From the poor poorly polished pebble to the Galerie des Glaces (Hall of Mirrors) at the Château de Versailles, a little story of how mirrors have reflected us better and better.
From the small piece of obsidian, a natural volcanic rock polished at will by our prehistoric ancestors to admire the tip of their noses, to the huge mirror cabinets that invaded bedrooms in the 20th century, the history of the mirror has known many adventures. Its Golden Age came at the key moment when, having finally become faithfully reflective, it was granted the status of an authentic masterpiece. Like the canvases of the great painters, the mirrors were entitled to their skilfully gilded wooden frames, worked so that they had the appearance of solid gold.
Frames of mirrors gilded with gold leaf experienced their full development from the 14th to the 18th century and are today highly coveted beauties.
The Aux-Rois-Louis gallery offers several models from this Golden Age, with various dimensions, ornamentations and symbolism. And to fully appreciate them, here is how they fit into the great history of the mirror and its evolution.
At the very start to see each other, you had to find a dark and stagnant body of water, distorting your reflection with the slightest breeze.
What does archeology tell us next?
A piece of obsidian – natural volcanic glass – was polished to serve as a tiny mirror 6000 BC in Anatolia, present-day Turkey.
Small polished copper mirrors were made in Mesopotamia 4000 BC, in China 2000 BC, then in Egypt 1200 BC.
The Romans then tried several metal alloys based on tin, copper, silver, gold and lead. Problem, the resulting mirrors oxidized quickly. They had to be re-polished constantly to make them shine.
Frankly, it’s not easy to put down your rimmel under these conditions. No wonder the beautiful Cleopatra had a heavy hand on khol to seduce Julius Caesar.
In the Renaissance movement that began in the 14th century in Italy, the Venetian glass masters invented a method – kept secret for a century – to lavish on the reflection its absolute fidelity to the model. It is the composition of the tin-mercury amalgam which achieved this prodigy in the glass workshops of the island of Murano, in the lagoon of Venice.
Slowly but surely, this know-how will begin to spread throughout Europe.
In France, the famous Royal Manufacture of mirrors and mirrors produced in this way, in barely 6 years, from 1678 to 1684, the vertiginous Hall of Mirrors of the Palace of Versailles under the reign of Louis XIV, the Sun King.
Fascinated by these new generation mirrors which reflect their subjects so brilliantly, the royal gilding workshops gave them the same care as that given to the canvases of the great painters. The master gilders will make, to highlight them, dazzling frames reproducing the visual effect of solid gold. Fineness, transparency, polish and nuances are the result of infinite time and care.
For the carved wooden frames, the sizing to hide the grain of the wood and the coated and smoothed primer consist of mixtures of Blanc de Meudon and rabbit skin glue.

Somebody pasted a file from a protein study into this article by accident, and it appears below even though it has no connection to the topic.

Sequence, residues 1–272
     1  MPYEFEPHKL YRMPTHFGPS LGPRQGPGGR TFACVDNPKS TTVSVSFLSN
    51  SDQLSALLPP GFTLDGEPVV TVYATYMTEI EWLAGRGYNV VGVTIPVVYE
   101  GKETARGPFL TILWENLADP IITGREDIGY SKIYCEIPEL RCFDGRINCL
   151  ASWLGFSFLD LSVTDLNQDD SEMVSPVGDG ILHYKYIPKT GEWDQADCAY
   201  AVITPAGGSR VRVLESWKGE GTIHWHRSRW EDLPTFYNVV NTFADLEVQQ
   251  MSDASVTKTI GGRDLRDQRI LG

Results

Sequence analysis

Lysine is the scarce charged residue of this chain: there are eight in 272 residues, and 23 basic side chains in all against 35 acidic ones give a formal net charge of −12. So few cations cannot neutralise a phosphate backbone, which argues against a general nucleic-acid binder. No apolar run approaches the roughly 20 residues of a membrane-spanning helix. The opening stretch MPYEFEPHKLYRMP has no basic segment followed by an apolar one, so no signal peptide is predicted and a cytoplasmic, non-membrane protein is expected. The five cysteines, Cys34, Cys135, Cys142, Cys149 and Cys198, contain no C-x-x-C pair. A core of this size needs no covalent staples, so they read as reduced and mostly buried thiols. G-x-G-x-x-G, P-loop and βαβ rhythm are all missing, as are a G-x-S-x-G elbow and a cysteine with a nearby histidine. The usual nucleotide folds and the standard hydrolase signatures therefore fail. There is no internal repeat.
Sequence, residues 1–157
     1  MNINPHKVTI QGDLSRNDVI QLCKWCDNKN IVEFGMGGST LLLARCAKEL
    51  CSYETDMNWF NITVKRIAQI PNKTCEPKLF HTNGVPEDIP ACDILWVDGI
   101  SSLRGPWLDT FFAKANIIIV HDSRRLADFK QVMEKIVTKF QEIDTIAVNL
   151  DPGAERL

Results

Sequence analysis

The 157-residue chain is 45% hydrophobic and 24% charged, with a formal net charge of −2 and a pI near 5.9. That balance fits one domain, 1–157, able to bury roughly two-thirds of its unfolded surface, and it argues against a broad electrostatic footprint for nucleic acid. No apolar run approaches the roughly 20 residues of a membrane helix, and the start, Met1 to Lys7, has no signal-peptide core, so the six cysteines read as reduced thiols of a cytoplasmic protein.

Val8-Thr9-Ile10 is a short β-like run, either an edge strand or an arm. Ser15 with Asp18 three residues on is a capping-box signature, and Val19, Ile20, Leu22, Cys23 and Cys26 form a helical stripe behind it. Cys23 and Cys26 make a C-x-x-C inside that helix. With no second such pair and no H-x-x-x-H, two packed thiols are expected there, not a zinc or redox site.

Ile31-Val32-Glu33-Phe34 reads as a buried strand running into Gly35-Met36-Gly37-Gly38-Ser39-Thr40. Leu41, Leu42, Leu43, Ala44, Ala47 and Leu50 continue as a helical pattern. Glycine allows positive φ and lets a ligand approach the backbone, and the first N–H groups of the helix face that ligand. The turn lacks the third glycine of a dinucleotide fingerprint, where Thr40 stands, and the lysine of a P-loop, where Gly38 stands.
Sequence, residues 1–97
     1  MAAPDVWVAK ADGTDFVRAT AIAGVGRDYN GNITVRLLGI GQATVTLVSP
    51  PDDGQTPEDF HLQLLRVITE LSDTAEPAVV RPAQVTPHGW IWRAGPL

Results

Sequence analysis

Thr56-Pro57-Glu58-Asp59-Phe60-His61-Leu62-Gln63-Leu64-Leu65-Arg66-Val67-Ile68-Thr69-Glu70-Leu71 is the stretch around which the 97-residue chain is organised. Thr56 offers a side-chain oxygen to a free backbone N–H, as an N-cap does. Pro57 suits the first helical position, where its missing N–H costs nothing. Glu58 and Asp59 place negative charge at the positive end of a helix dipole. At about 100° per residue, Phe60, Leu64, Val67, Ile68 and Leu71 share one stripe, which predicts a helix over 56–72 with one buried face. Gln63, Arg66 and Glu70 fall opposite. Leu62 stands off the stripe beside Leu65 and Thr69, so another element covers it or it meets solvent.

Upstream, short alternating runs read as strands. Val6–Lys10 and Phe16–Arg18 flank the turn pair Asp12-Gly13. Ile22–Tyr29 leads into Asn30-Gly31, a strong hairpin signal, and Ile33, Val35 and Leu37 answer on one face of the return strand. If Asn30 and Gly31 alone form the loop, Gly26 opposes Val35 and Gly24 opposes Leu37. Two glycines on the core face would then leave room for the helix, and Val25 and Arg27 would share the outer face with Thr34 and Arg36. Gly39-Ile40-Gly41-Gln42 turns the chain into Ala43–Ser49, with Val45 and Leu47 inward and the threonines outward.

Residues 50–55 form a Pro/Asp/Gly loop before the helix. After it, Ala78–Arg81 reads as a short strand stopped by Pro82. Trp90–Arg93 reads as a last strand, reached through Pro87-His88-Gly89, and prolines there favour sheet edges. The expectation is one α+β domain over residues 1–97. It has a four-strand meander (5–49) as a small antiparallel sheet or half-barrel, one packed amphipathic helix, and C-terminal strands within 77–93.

For other frames that rest on a wooden structure, the ornaments are molded in stucco, a mixture of aerial lime with fine sand, marble powder or brick powder.
And this is where a very special gesture comes in: the delicate application of two very thin layers of bol d’Arménie (Armenian bole) in the prominent places intended to be “burnished”. After being gently pressed under an agate stone, this is called burnishing, the gold leaf will be able to express all its brilliance.
Jean-Félix Watin in “L’Art du Peintre, Doreur, Vernisseur” which he published in 1772 describes it as follows:
« The Armenian bole is a clayey & unctuous earth, soft to the touch, fragile, red or yellow in color, which is brought to us in pieces of different sizes & shapes. They were formerly brought from the east and from Armenia; it is still called Armenian bole (also known as bolus armenus or bole armoniac); but all the bole that we see & put in use at present, is taken from various places in France. The finest and most esteemed comes from Blois, Saumur, Burgundy: it is found in several quarries around Paris, such as Baville, Meudon, which, when it is very red, is quite sought after. We choose the clean bole, not gritty, soft to the touch, red, shiny, clinging to the lips when approached: it is also used on the plate »
Until the 18th century, water-based gold leaf gilding, or tempera gilding, was king. The culmination of this long process gives the gilded frames of this period an unparalleled delicacy.
Over the centuries, the gold leaf has been dulled here and there and this is how we see in places the Armenian bole, Levant bole or “assiette à dorer”, according to these different denominations.
The red clay surfaces as if by transparency and accentuates the depth of the nuances.
This red colored basic layer (assiette in French) is the most common in France. The yellow basic layer is the most used in Italy. The black basic layer is preferred in England, for example for the gilding of Buckingham Palace.
All these nuances feed various artistic biases. These different basic layers give them strength and character. It is important not to try, when they reappear, to hide them.